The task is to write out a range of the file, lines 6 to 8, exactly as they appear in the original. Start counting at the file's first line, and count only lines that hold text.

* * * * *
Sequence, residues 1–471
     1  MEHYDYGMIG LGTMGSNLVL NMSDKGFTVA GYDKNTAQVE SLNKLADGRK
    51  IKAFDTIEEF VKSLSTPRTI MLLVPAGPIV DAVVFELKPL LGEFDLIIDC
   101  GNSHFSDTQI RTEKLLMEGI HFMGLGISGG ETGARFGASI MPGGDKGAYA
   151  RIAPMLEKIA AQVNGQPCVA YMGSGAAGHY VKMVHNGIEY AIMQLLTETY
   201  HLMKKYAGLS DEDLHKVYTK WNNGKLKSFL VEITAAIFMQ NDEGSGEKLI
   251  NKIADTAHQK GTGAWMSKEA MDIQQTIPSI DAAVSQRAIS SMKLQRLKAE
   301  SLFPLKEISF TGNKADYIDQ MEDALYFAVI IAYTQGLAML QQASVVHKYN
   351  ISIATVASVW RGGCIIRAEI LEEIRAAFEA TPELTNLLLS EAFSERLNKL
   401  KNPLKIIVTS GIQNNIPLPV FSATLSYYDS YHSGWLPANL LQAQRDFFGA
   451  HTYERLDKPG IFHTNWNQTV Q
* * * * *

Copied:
   201  HLMKKYAGLS DEDLHKVYTK WNNGKLKSFL VEITAAIFMQ NDEGSGEKLI
   251  NKIADTAHQK GTGAWMSKEA MDIQQTIPSI DAAVSQRAIS SMKLQRLKAE
   301  SLFPLKEISF TGNKADYIDQ MEDALYFAVI IAYTQGLAML QQASVVHKYN